In 2008 the defendant in these proceedings -- an internet trader -- incorporated a company, Pink Ribbon, Inc. which purported to have the same laudable aim as the Foundation, and sought to file various word and figurative signs, including PINK RIBBON, RIBBON OF PINK, PINK RIBBON INTERNATIONAL and PINK RIBBON MAGAZINE as Community and Benelux trade marks. While the right to file a trade mark is normally assumed to be a perfectly legitimate business activity, and indeed is a statutory entitlement in the Benelux, the defendant's conduct was not entirely commendable. In particular,
- he withdrew the applications right after the Pink Ribbon Foundation had substantiated its oppositions and incurred considerable costs, and then filed new ones, or had them nullified right after the Pink Ribbon Foundation initiated summary proceedings, by not paying the fees due;
- he filed applications in various languages in order to drive up the Foundation's translation costs;
- his filing was done in the full knowledge that these could violate existing registrations;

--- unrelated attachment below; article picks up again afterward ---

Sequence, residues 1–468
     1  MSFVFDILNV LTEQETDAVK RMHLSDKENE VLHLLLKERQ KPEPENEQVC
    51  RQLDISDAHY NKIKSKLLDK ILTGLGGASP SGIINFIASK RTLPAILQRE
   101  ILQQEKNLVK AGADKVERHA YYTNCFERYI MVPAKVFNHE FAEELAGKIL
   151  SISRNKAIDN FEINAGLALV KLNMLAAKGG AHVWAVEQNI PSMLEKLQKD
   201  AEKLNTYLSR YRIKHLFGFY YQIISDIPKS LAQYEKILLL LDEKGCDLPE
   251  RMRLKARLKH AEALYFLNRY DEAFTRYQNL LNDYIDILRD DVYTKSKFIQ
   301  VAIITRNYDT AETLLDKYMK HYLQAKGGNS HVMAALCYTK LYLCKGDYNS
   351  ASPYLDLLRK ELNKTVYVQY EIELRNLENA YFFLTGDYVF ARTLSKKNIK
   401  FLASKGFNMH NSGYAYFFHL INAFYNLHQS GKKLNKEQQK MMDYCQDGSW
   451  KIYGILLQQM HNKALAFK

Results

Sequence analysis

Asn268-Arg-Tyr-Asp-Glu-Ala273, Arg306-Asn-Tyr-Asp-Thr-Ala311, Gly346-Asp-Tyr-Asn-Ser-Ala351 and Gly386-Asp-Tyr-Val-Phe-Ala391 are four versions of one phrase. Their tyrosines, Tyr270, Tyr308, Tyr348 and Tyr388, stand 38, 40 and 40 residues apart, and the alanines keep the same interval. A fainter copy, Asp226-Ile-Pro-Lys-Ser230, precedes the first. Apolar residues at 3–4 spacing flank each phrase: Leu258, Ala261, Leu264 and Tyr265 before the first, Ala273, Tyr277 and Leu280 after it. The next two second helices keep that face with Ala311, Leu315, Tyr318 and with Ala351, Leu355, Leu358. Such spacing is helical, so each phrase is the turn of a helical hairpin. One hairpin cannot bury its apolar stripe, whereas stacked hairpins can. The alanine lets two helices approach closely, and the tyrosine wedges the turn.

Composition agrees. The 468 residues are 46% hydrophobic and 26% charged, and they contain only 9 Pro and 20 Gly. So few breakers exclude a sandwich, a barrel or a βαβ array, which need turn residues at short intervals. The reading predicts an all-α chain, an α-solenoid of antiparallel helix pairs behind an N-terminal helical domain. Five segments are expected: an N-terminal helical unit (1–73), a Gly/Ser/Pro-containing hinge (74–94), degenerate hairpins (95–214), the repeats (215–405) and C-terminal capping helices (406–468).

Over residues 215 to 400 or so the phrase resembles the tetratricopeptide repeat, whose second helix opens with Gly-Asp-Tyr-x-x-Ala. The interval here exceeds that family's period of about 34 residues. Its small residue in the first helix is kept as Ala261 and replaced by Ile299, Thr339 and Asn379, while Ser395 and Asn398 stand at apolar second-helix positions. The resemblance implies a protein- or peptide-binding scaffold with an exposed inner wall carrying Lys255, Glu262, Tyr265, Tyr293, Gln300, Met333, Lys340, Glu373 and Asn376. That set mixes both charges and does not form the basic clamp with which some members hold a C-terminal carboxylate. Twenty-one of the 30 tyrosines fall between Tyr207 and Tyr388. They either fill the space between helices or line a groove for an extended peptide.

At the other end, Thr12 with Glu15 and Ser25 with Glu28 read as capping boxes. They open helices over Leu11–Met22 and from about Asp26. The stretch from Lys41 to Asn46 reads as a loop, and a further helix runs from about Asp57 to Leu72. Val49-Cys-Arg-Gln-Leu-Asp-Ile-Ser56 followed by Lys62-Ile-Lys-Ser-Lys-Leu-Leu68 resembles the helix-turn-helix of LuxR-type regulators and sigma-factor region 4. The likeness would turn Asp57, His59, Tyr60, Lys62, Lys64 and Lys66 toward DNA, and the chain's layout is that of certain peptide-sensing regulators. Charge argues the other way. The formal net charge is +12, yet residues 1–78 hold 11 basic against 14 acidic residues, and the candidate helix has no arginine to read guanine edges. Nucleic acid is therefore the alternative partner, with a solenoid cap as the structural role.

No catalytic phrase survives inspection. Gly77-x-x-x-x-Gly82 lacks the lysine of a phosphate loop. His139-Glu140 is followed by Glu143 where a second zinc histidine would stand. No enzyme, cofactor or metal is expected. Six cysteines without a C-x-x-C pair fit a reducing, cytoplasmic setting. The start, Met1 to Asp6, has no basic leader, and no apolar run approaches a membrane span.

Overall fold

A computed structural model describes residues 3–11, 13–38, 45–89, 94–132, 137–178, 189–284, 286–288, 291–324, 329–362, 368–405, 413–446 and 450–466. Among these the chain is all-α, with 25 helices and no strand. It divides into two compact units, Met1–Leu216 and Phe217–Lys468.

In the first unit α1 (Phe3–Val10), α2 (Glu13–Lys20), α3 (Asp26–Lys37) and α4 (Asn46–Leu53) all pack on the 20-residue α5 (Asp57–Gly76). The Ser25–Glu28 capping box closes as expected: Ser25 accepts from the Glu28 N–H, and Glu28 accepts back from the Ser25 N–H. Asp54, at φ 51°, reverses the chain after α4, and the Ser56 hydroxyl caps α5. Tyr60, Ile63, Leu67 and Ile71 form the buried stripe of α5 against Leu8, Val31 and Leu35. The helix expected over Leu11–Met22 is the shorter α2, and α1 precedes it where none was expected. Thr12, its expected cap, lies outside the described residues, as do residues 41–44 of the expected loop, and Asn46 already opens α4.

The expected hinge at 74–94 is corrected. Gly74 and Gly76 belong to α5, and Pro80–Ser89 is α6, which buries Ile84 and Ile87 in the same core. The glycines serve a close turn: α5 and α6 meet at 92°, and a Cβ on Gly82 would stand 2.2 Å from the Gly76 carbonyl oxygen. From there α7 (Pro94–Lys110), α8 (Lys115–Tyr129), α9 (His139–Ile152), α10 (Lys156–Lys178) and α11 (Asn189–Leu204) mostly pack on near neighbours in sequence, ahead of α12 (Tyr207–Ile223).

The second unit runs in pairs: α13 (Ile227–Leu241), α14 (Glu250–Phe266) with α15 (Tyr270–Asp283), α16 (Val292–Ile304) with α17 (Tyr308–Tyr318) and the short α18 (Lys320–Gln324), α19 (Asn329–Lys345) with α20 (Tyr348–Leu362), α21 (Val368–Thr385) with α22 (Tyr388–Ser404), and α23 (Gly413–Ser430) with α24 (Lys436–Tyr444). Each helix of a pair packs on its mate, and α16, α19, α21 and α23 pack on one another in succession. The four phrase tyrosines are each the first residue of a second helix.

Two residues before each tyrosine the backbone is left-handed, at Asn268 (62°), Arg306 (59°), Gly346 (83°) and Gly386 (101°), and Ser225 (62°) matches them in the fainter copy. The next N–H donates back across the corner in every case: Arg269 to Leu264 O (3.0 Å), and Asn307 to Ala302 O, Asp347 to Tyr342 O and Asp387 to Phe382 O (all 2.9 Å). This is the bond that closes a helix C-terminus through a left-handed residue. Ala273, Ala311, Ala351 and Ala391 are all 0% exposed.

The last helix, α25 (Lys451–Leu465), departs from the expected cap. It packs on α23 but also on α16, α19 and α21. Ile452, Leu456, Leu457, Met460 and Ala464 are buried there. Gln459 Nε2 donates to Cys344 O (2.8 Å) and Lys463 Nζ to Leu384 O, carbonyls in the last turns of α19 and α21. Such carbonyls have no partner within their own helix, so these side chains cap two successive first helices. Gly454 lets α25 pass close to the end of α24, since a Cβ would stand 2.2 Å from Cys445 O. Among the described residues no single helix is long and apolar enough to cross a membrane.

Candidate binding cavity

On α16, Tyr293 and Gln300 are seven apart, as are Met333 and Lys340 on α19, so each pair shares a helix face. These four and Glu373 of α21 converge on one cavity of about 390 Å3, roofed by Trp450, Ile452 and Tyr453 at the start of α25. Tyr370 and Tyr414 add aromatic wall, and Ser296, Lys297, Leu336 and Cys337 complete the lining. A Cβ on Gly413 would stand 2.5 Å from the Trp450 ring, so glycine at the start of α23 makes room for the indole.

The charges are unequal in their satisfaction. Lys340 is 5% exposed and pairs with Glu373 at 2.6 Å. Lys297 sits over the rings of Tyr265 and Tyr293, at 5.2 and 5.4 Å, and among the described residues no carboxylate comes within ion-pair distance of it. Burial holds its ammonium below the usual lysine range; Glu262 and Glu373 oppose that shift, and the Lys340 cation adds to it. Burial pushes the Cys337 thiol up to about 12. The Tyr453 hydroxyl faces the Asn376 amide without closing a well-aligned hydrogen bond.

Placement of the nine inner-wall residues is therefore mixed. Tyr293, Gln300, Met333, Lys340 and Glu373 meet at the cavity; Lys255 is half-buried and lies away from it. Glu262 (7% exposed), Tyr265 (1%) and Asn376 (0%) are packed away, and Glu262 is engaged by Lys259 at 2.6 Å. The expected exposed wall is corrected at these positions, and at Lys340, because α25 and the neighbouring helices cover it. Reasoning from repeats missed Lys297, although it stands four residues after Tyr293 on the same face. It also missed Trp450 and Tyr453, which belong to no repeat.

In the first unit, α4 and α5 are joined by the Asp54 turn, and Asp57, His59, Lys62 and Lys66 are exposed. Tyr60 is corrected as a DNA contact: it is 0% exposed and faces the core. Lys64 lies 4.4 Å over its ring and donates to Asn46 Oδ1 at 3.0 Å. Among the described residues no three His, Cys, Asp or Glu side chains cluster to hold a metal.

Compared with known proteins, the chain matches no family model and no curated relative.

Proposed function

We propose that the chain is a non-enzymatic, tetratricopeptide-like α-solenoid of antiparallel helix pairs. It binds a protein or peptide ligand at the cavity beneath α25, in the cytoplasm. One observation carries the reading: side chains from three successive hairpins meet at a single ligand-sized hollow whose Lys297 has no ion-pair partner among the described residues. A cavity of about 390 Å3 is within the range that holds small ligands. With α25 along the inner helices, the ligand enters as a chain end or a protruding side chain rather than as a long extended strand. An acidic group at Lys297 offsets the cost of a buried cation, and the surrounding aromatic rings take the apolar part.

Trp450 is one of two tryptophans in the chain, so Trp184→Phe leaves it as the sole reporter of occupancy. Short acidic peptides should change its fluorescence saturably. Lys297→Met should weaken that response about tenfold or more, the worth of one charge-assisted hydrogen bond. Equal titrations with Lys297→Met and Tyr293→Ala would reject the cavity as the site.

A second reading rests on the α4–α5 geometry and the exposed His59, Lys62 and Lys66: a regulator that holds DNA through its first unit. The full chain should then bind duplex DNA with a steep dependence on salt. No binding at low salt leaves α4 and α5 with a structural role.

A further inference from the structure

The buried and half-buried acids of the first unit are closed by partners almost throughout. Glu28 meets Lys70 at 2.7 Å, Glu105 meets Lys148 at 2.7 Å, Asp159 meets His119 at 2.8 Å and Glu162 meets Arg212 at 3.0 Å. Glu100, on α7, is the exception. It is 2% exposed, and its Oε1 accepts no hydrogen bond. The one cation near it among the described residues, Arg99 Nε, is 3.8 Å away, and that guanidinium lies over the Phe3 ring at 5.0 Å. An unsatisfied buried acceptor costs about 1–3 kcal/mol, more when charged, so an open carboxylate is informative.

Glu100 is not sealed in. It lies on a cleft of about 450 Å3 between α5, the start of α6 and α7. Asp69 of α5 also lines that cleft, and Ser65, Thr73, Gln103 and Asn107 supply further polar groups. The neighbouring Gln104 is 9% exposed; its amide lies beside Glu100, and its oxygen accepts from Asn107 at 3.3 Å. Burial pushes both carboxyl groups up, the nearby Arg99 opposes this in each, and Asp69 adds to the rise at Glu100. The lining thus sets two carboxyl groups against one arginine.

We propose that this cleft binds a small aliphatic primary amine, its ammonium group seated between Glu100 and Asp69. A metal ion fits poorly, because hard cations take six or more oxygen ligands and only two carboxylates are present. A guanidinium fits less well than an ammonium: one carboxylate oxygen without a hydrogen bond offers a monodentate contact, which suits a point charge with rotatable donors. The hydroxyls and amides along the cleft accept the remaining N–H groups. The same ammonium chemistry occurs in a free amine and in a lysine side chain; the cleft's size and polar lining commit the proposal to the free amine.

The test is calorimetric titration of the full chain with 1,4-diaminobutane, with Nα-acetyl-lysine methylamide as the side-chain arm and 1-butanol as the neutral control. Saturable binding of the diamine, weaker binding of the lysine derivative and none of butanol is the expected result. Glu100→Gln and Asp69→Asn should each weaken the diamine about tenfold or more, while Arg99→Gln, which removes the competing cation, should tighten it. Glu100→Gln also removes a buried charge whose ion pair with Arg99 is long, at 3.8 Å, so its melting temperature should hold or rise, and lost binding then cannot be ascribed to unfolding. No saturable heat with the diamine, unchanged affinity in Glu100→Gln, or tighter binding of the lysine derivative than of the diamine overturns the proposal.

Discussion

- his filings related not only to breast cancer-related goods and services but also to firearms, incubators and carcinogenic substances such as asbestos and tobacco.
The Foundation sued for injunctive relief which included an order that the defendant be prohibited from filing further applications containing the words PINK and RIBBON. The defendant counterclaimed for invalidity of the Foundation's trade marks.
The Court held the Foundation's marks valid and did indeed order the defendant not only to stop infringing the Foundation's marks but not to file further marks as requested by the Foundation. In the event of a breach of this order, a penalty will be exacted to the value of EUR 10,000 per day or per event, as the case may be.
According to Marlou L.J. van de Braak (Hoyng Monegier, Amsterdam, The Netherlands), who acted for the Pink Ribbon Foundation, this may well be the first time a court has ordered a party to refrain from applying for any Benelux or Community trade mark registrations. The Kat can't recall this happening either, and wonders if readers in other countries have ever seen or had experience of such an order.
Full judgment of the court, in English, here
Pink Ribbon Foundation here
In The Pink Foundation here
Scarlet Ribbons here